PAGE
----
How Is CBD Oil Made?

CBD (Cannabidiol) oil is the ubiquitous product associated with CBD and hemp. Not all CBD oil is made equal and the varying grades of product on the market have created confusion coupled with a lack of customer trust. Adding to the noise, CBD oil can be extracted from both hemp and marijuana, both of which fall under the genus cannabis. Confused yet?

Marijuana and Hemp. What is the difference?

Hemp originates from the cannabis sativa variety of the cannabis genus and it will not get you high. Why? Because cannabis is classified as hemp if it contains <0.2% THC (EU)/ <0.3% THC (USA)/ <1% THC (Switzerland). Where THC (Tetrahydrocannabinol), is the psychoactive component in cannabis which makes users feel ‘high’.  Marijuana on the other hand, usually features double digit THC percentages and close to zero CBD.

CBD is primarily extracted from hemp, due to the illegality of marijuana and the economic implications of meeting THC threshold requirements. Using hemp allows manufacturers to reach a wider market and permits for economic efficiencies as CBD is the core product harvested from the plants, usually using the whole plant and requires no removal of THC (as the plants are already producing on average below the THC threshold limits).

The journey begins with a previous plant

cbd plant

Using a clone (cutting) of a previously grown hemp plant farmers can ensure the crop meets their exact requirements in terms of CBD/THC percentage. Using seeds is another possibility, but this route adds ambiguity around the cannabinoid make up of the plant when harvested.

A clone is planted like a seed in the soil or using a mineral rich hydroponic system in the absence of soil.  Where, hydroponic setups are used primarily indoor and permit for pre-set watering conditions to mimic the best case scenario.  These are largely associated with growing hemp flowers, where the size and look of the flowers is near as important as content.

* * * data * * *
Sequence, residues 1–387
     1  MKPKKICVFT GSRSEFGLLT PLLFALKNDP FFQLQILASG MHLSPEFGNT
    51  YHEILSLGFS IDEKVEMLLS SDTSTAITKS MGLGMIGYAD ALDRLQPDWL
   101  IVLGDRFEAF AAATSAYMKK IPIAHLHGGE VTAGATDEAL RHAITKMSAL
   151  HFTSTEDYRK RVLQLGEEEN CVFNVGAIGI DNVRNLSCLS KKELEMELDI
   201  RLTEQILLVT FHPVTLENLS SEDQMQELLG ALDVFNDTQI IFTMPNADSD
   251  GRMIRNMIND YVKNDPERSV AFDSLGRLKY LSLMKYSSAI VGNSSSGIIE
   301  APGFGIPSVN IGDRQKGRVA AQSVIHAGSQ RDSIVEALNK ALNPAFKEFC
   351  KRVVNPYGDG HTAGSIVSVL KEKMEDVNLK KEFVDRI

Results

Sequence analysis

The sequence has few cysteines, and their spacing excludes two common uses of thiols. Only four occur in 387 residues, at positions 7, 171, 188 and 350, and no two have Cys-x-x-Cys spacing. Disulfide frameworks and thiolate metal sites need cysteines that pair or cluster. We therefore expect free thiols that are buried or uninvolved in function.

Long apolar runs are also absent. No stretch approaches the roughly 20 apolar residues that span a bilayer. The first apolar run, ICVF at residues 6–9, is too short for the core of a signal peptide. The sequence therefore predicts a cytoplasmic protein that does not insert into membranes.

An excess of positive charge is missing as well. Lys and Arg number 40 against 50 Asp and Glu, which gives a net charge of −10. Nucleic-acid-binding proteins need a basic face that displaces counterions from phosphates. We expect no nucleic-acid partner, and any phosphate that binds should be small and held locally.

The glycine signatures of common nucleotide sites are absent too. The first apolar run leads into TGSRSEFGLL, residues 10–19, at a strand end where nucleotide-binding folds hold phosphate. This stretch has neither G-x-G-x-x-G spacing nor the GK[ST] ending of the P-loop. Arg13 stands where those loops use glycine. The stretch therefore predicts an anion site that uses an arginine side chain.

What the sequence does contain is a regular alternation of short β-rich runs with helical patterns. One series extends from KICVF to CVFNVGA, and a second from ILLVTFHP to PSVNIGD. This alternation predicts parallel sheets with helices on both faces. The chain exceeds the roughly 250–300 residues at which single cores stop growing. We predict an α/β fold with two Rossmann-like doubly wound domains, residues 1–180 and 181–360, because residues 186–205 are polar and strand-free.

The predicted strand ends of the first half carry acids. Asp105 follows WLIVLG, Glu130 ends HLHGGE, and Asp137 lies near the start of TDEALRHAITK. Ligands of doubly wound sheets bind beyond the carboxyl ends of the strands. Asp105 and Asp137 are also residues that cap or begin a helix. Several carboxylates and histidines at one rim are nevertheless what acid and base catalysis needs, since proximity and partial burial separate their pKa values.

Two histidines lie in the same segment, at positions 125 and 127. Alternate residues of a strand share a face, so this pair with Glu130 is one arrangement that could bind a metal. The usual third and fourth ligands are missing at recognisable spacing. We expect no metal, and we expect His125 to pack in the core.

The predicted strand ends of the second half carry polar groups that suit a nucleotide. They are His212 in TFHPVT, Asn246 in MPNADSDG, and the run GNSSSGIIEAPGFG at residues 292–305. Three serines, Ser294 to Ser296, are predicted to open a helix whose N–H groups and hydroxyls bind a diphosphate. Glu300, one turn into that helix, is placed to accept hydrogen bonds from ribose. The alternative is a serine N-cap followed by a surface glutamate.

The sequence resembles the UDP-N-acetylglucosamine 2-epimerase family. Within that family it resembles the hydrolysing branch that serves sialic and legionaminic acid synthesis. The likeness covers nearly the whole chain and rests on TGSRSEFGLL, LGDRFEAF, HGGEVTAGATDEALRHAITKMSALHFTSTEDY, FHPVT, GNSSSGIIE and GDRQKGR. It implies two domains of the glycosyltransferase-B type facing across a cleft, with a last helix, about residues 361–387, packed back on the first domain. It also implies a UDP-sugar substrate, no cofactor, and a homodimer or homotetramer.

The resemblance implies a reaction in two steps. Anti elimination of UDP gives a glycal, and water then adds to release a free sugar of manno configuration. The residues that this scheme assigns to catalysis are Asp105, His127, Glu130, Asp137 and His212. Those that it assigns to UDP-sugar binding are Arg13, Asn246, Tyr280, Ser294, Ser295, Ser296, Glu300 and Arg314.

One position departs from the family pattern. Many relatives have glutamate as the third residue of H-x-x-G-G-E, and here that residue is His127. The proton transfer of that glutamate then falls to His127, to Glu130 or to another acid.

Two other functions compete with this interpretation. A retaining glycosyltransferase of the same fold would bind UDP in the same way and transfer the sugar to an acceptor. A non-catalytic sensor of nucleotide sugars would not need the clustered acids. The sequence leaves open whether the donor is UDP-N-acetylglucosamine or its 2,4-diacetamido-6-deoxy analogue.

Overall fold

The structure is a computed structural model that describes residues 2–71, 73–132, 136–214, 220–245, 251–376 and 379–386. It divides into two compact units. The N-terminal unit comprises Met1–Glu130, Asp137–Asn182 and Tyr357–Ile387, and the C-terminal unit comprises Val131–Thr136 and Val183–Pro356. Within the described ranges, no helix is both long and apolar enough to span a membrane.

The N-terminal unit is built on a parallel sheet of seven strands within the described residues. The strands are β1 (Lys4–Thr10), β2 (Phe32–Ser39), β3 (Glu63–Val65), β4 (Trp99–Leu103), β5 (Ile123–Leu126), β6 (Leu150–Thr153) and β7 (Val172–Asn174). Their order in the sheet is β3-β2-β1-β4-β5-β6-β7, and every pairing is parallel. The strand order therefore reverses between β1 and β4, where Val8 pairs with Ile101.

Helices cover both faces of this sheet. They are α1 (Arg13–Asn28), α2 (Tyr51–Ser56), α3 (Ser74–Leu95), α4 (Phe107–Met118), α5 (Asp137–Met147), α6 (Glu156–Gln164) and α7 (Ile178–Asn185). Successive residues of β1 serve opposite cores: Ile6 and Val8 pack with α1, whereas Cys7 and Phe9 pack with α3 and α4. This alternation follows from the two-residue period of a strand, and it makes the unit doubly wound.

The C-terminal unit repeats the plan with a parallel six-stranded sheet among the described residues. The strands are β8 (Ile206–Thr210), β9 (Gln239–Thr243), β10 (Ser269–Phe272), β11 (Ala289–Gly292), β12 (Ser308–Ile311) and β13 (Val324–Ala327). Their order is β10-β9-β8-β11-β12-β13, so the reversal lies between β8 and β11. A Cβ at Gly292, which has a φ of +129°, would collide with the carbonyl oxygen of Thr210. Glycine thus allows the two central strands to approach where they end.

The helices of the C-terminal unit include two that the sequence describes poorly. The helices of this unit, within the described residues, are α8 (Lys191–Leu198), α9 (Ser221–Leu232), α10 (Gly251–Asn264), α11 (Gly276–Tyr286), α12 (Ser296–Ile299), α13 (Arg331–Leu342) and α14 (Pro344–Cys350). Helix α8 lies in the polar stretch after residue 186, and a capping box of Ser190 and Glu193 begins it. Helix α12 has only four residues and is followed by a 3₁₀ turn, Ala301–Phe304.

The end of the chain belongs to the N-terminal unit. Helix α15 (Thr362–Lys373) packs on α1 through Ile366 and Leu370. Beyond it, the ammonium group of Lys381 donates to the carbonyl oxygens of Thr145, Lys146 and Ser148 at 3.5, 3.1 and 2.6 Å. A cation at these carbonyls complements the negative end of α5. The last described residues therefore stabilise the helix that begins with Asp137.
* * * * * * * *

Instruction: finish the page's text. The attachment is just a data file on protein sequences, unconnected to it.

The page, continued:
After 10-16 weeks the plants mature and they are harvested to move onto the next stage, drying and curing.

Good things take time

Once harvested, the plants are hung upside down to dry and cure. This is usually somewhere with optimum humidity (58%-62%) in order to avoid mould and mildew. 

Usually, the curing process lasts around 30 days. After which the flower is processed by separating it from the seeds and stalks of the plant. This is then ground down by a machine into a coffee ground like substance.

The CBD in these grounds is then extracted from the material. The most common (and most efficient) extraction method is called CO2 (carbon dioxide) supercritical extraction. This uses liquid CO2 at a very high pressure to push the cannabinoid trichomes and terpenes out of the plant matter and into a liquid. This liquid forms the basis of hemp extract which is then lightly heated (unless it is a raw CBD oil) and later combined with a diluent (usually hemp seed oil or MCT oil) to form CBD oil.

Enjoy reading our blog? Subscribe to our newsletter below to receive new post alerts and member only discounts!


* indicates required

Leave a Reply

Your email address will not be published. Required fields are marked *

Disclaimer: Views expressed here do not necessarily reflect those of Nature & Bloom and its staff. This article is not intended to provide medical advice, diagnosis, treatment, cure or prevention for any disease. Nature & Bloom products have not been evaluated by the MHRA.